Arizona v. Gant,
Annotate this Case
556 U.S. 332 (2009)
- Syllabus |
- Opinion (John Paul Stevens) |
- Concurrence (Antonin Scalia) |
- Dissent (Stephen G. Breyer) |
- Dissent (Samuel A. Alito, Jr.)
OCTOBER TERM, 2008
ARIZONA V. GANT
SUPREME COURT OF THE UNITED STATES
ARIZONA v. GANT
certiorari to the supreme court of arizona
No. 07–542. Argued October 7, 2008—Decided April 21, 2009
Respondent Gant was arrested for driving on a suspended license, handcuffed, and locked in a patrol car before officers searched his car and found cocaine in a jacket pocket. The Arizona trial court denied his motion to suppress the evidence, and he was convicted of drug offenses. Reversing, the State Supreme Court distinguished New York v. Belton, 453 U. S. 454—which held that police may search the passenger compartment of a vehicle and any containers therein as a contemporaneous incident of a recent occupant’s lawful arrest—on the ground that it concerned the scope of a search incident to arrest but did not answer the question whether officers may conduct such a search once the scene has been secured. Because Chimel v. California, 395 U. S. 752, requires that a search incident to arrest be justified by either the interest in officer safety or the interest in preserving evidence and the circumstances of Gant’s arrest implicated neither of those interests, the State Supreme Court found the search unreasonable.
Held: Police may search the passenger compartment of a vehicle incident to a recent occupant’s arrest only if it is reasonable to believe that the arrestee might access the vehicle at the time of the search or that the vehicle contains evidence of the offense of arrest. Pp. 5–18.
(a) Warrantless searches “are per se unreasonable,” “subject only to a few specifically established and well-delineated exceptions.” Katz v. United States, 389 U. S. 347, 357. The exception for a search incident to a lawful arrest applies only to “the area from within which [an arrestee] might gain possession of a weapon or destructible evidence.” Chimel, 395 U. S., at 763. This Court applied that exception to the automobile context in Belton, the holding of which rested in large part on the assumption that articles inside a vehicle’s passenger compartment are “generally … within ‘the area into which an arrestee might reach.’ ” 453 U. S., at 460. Pp. 5–8.
(b) This Court rejects a broad reading of Belton that would permit a vehicle search incident to a recent occupant’s arrest even if there were no possibility the arrestee could gain access to the vehicle at the time of the search. The safety and evidentiary justifications underlying Chimel’s exception authorize a vehicle search only when there is a reasonable possibility of such access. Although it does not follow from Chimel, circumstances unique to the automobile context also justify a search incident to a lawful arrest when it is “reasonable to believe evidence relevant to the crime of arrest might be found in the vehicle.” Thornton v. United States, 541 U. S. 615, 632 (Scalia, J., concurring in judgment). Neither Chimel’s reaching-distance rule nor Thornton’s allowance for evidentiary searches authorized the search in this case. In contrast to Belton, which involved a single officer confronted with four unsecured arrestees, five officers handcuffed and secured Gant and the two other suspects in separate patrol cars before the search began. Gant clearly could not have accessed his car at the time of the search. An evidentiary basis for the search was also lacking. Belton and Thornton were both arrested for drug offenses, but Gant was arrested for driving with a suspended license—an offense for which police could not reasonably expect to find evidence in Gant’s car. Cf. Knowles v. Iowa, 525 U. S. 113, 118. The search in this case was therefore unreasonable. Pp. 8–11.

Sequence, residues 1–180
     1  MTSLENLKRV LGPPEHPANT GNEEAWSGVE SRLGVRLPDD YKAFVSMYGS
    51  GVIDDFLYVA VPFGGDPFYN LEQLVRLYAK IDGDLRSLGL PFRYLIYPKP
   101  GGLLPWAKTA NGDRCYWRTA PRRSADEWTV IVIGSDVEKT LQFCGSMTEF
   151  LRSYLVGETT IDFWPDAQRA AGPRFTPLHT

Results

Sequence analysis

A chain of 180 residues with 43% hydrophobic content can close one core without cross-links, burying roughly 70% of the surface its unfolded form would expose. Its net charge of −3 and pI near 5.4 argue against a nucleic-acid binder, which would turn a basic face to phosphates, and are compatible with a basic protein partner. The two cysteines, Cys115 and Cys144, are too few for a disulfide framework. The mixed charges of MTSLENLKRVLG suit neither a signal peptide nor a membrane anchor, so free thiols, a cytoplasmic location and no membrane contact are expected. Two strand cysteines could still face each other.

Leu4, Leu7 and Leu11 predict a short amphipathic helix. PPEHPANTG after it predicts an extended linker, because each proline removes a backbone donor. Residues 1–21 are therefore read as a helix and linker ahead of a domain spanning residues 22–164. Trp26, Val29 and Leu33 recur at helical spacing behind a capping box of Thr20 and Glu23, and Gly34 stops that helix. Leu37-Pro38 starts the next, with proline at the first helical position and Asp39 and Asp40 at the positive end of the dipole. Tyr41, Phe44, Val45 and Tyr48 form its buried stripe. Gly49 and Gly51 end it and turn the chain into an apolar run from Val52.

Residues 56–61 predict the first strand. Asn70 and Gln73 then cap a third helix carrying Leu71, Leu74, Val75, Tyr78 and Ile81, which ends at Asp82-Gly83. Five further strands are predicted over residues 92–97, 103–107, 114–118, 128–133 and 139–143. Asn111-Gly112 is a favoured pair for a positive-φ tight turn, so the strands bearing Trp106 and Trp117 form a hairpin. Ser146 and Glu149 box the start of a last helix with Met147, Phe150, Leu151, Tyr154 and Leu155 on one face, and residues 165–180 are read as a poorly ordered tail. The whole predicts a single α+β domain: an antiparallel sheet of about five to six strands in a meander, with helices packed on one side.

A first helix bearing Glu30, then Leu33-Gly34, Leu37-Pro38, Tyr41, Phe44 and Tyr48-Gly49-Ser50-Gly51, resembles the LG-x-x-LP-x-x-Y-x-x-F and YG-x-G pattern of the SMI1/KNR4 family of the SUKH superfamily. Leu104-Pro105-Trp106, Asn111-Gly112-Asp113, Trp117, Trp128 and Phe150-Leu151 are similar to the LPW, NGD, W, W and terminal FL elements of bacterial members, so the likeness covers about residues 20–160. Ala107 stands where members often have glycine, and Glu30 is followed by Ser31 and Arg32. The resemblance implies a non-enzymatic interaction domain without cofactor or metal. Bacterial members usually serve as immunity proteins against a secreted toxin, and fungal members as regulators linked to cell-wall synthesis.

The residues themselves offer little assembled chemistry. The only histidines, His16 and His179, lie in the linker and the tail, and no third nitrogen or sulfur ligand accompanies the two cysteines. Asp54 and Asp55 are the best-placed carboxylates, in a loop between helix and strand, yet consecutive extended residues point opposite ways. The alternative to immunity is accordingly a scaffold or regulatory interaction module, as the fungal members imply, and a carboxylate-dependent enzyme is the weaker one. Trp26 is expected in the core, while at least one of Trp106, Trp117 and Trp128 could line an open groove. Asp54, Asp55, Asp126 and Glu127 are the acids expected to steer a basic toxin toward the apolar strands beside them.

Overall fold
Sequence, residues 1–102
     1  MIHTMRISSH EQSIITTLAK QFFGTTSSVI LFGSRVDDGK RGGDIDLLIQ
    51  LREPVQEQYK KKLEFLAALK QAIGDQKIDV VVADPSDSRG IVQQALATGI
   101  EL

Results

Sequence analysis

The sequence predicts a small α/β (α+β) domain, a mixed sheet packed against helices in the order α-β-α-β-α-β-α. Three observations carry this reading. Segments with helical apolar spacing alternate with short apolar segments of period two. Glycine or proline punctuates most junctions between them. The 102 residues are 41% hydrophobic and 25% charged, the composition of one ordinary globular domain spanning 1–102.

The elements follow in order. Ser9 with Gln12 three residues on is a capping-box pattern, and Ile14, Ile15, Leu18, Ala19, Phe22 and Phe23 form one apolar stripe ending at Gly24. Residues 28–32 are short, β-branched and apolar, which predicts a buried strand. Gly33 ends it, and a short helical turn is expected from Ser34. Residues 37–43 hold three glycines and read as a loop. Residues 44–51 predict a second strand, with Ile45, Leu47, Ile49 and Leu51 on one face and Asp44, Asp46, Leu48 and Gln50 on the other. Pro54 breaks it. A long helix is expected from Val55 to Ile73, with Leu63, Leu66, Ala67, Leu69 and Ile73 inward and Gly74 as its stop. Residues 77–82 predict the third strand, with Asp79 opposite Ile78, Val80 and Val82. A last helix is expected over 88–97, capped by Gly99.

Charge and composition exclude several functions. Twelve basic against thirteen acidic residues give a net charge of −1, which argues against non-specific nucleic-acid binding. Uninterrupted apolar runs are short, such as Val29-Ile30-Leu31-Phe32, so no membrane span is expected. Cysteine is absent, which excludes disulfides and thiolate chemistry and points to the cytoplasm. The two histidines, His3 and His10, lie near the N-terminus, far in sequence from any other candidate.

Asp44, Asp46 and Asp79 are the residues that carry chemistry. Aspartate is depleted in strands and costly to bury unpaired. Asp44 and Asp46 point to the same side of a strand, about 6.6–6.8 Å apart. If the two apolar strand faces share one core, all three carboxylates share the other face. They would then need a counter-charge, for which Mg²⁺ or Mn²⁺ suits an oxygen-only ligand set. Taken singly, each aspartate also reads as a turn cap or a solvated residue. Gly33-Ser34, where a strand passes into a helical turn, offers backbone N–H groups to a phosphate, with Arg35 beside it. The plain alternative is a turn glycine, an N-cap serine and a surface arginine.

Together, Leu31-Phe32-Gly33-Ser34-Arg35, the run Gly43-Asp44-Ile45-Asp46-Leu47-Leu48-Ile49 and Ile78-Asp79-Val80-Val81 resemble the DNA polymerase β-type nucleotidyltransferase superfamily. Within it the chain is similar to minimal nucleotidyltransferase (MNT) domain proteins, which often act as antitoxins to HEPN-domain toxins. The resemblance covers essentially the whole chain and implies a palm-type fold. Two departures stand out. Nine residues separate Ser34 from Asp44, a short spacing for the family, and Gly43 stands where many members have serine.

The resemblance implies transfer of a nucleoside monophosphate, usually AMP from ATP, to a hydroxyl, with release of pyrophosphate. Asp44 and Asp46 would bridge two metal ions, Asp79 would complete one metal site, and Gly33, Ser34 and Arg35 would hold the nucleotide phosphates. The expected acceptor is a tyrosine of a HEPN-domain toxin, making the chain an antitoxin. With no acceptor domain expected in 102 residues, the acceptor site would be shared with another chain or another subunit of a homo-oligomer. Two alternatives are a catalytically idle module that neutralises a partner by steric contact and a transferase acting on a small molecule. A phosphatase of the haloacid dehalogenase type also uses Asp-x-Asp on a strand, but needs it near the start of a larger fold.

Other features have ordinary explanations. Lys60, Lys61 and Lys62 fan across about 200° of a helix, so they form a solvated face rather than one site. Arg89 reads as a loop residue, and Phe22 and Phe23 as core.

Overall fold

(c) This Court is unpersuaded by the State’s argument that its expansive reading of Belton correctly balances law enforcement interests with an arrestee’s limited privacy interest in his vehicle. The State seriously undervalues the privacy interests at stake, and it exaggerates both the clarity provided by a broad reading of Belton and its importance to law enforcement interests. A narrow reading of Belton and Thornton, together with this Court’s other Fourth Amendment decisions, e.g., Michigan v. Long, 463 U. S. 103, and United States v. Ross, 456 U. S. 798, permit an officer to search a vehicle when safety or evidentiary concerns demand. Pp. 11–14.
(d) Stare decisis does not require adherence to a broad reading of Belton. The experience of the 28 years since Belton has shown that the generalization underpinning the broad reading of that decision is unfounded, and blind adherence to its faulty assumption would authorize myriad unconstitutional searches. Pp. 15–18.
216 Ariz. 1, 162 P. 3d 640, affirmed.
Stevens, J., delivered the opinion of the Court, in which Scalia, Souter, Thomas, and Ginsburg, JJ., joined. Scalia, J., filed a concurring opinion. Breyer, J., filed a dissenting opinion. Alito, J., filed a dissenting opinion, in which Roberts, C. J., and Kennedy, J., joined, and in which Breyer, J., joined except as to Part II–E.